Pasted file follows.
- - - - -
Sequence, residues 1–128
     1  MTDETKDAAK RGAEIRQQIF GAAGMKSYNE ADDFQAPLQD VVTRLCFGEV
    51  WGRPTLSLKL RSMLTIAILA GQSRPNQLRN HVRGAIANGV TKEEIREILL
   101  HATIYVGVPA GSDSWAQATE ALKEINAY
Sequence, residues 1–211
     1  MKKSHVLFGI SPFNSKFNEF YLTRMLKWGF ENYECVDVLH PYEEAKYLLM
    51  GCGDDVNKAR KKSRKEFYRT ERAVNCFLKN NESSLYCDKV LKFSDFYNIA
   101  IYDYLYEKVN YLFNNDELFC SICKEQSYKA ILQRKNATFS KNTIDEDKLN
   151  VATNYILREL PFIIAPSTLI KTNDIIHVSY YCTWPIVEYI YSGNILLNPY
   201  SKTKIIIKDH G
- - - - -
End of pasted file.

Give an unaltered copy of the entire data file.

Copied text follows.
Sequence, residues 1–128
     1  MTDETKDAAK RGAEIRQQIF GAAGMKSYNE ADDFQAPLQD VVTRLCFGEV
    51  WGRPTLSLKL RSMLTIAILA GQSRPNQLRN HVRGAIANGV TKEEIREILL
   101  HATIYVGVPA GSDSWAQATE ALKEINAY
Sequence, residues 1–211
     1  MKKSHVLFGI SPFNSKFNEF YLTRMLKWGF ENYECVDVLH PYEEAKYLLM
    51  GCGDDVNKAR KKSRKEFYRT ERAVNCFLKN NESSLYCDKV LKFSDFYNIA
   101  IYDYLYEKVN YLFNNDELFC SICKEQSYKA ILQRKNATFS KNTIDEDKLN
   151  VATNYILREL PFIIAPSTLI KTNDIIHVSY YCTWPIVEYI YSGNILLNPY
   201  SKTKIIIKDH G